A tryst with tea

A tryst with tea

Find out why tea is the wine of India

There are two kinds of beverages that we associate with tea leaves — there is tea and there is chai. Before I proceed, let me tell you that camellia sinensis is the name of the Chinese variety tea plant available only in Darjeeling. Other tea regions in India like Assam, Nilgiris and Munnar house another variety of tea called camellia assamica. Sinensis gives you a light-bodied aromatic tea, while assamica gives a more heavy-bodied tea, which is very robust in liquor and taste.

In olden times, tea in India was typically herbal in nature, incorporating herbs and spices like tulsi, cardamom, cinnamon, etc. With the arrival of the British and the East India Company in India, who set up tea gardens in Darjeeling and other parts of the country during the late 1800s, Indians got used to the black chai that we know today. Sometime during the early 1900s, an enterprising British trader invented the CTC tea — a process of manufacturing only black granular teas to reduce the production cycle and for mass consumption. This CTC tea changed the drinking habits of Indians and citizens of other countries where British exported their tea.

What’s in your cup?

Teas made using the original handmade method, called orthodox tea, now remain within regions like China and Japan where the British hadn’t established their presence. Therefore Indians, for more than a century now, grew up drinking CTC tea which is considered inferior to orthodox tea. CTC tea can only be consumed when mixed with milk and sugar, which Indians converted into a concoction of milk, water, sugar and dust tea. This beverage that we relish every morning is the chai the world knows of. Though we, as Indians, vouch for our chai, this tea is not only harmful to our health but it also doesn’t have all the goodness that it is supposed to have.

During the last few years, orthodox tea has gained popularity in India as well, thanks to globe-trotting Indians travelling through China, Japan and Korea, where this has been a staple for the last 5,000 years. Such teas are not only unique in their character but they also come in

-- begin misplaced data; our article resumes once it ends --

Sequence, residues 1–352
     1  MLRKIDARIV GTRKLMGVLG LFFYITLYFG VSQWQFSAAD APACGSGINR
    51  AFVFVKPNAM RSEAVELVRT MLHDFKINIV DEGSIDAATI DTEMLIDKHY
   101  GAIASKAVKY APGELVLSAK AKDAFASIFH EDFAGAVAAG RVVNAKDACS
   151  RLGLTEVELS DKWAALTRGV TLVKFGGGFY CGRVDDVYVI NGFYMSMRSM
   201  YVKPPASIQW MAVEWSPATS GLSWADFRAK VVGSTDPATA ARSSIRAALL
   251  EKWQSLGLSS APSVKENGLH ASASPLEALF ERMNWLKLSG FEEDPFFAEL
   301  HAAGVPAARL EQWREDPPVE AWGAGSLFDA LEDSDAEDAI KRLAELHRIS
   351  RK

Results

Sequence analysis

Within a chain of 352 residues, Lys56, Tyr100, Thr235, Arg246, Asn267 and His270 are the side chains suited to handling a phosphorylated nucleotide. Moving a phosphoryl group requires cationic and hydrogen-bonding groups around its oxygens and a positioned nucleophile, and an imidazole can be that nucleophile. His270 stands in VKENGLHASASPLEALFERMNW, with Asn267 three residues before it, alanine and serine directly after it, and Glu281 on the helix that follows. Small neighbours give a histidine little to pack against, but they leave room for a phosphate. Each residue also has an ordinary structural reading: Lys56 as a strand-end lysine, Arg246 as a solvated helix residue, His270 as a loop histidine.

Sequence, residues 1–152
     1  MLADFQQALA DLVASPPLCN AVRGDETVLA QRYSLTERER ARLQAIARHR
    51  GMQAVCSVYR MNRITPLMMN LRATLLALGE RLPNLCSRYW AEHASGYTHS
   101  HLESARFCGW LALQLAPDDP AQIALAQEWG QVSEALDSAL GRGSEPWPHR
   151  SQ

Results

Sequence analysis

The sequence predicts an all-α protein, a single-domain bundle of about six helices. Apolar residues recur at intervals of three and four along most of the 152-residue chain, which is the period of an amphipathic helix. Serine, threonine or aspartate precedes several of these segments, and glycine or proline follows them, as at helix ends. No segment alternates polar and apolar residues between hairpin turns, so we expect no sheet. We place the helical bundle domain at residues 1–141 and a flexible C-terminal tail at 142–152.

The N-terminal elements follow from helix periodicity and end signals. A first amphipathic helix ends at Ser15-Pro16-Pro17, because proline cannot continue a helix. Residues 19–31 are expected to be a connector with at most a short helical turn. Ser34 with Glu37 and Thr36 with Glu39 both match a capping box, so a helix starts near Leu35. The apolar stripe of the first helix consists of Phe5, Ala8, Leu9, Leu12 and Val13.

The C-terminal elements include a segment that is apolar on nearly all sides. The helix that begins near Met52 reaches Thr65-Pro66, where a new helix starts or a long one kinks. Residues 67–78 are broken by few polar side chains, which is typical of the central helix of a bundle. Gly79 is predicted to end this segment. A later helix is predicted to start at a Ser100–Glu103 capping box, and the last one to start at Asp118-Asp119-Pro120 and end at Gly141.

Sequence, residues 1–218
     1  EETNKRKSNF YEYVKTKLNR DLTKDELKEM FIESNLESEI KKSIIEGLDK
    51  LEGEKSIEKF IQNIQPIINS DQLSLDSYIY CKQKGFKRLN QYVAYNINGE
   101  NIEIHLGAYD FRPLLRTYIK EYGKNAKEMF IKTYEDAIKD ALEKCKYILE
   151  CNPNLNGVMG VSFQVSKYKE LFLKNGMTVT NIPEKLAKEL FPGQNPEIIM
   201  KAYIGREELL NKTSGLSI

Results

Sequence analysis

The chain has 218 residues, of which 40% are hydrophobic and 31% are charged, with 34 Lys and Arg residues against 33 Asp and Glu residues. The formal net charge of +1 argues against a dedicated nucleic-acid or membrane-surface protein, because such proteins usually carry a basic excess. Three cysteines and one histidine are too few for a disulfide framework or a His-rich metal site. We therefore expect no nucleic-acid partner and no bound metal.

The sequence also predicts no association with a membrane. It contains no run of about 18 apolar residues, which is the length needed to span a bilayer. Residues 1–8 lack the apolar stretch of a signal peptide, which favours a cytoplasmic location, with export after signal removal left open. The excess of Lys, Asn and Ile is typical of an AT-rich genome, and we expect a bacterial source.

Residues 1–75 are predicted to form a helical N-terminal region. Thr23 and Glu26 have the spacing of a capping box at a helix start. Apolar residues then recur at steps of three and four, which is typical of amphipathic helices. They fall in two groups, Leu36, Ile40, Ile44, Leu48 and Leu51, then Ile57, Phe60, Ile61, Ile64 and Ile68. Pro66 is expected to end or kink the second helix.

different varieties — white, green, oolong, and black — offering innumerable health benefits as well as in many cases snob 
values just like a premium scotch or 

It’s not that Indians were not producing such teas, in fact, we were one of the largest suppliers of premium orthodox teas in the world after China. But unfortunately, all good teas were and are still being exported away to those countries who consider drinking tea as a fine art and tea time a celebration.

Premium beverage

Take for example the Darjeeling orthodox tea — they are not only the favourites of the royal families all over Europe, Japan and the Middle East, they are actually called “champagne tea”. But very few Indians have even heard of champagne tea.

These fine orthodox teas are not only cherished and valued for their character, aroma and flavour, but also for their places of origin, premiumness, manufacturing process, variety as well as the legacy attached to their estates or gardens; just like wine. For example, the Darjeeling tea is fondly called champagne tea because of its unique muscatel flavour, its season-based produce as well as the heritage and ancestry attached to each of the estates producing this tea. The value of Darjeeling tea, whether it is black, green, oolong or white is comparable to that of any fine wine produced in the valleys of France or Italy. In fact, green, white and frost tea from the Nilgiris or a silver needle or golden tip tea from Darjeeling, Kangra or the Nilgiris, are extremely rare and as exotic as any premium wine from its most precious origins. Like champagne, Darjeeling tea is exotic, rare and flawless. Like champagne, Darjeeling tea comes only from Darjeeling — the high altitude Himalayas. Like champagne, Darjeeling tea is premium (price has gone up to Rs 100k for a kg as well).

Both tea and wine have tannins and astringents — which in wine is called dryness and in tea is called briskness. Like wine, the premiumness of the tea depends on its origin — single origin teas are more expensive and premium than blended tea. Like wine, teas can also be light-bodied or heavy-bodied. And like wine, teas are also to be paired with the right food.

With so many similarities between wine and tea, I often wonder why tea in our country, which ironically produces the champagne tea as well as other very fine teas, is not considered a celebratory beverage but rather used as a bowel 
movement-inducing milkshake in the morning.

It is really sad that we as Indians are yet to appreciate this wonderful beverage that we have been producing for hundreds of years now. We are so oblivious to our own heritage that we will spend thousands of rupees to attend a wine appreciation workshop or in buying wine and champagne without batting an eye, but hesitate and question when it comes to buying a good Orthodox tea from India. It’s time we Indians become like the French and bask in the glory of this beautiful Indian beverage.

Let’s also keep in mind that the variety of wines come from a variety of grapes, but most varieties of tea come from only one plant. Incredible, right?

(The author is a tea artist and the organiser of Tea Festival India)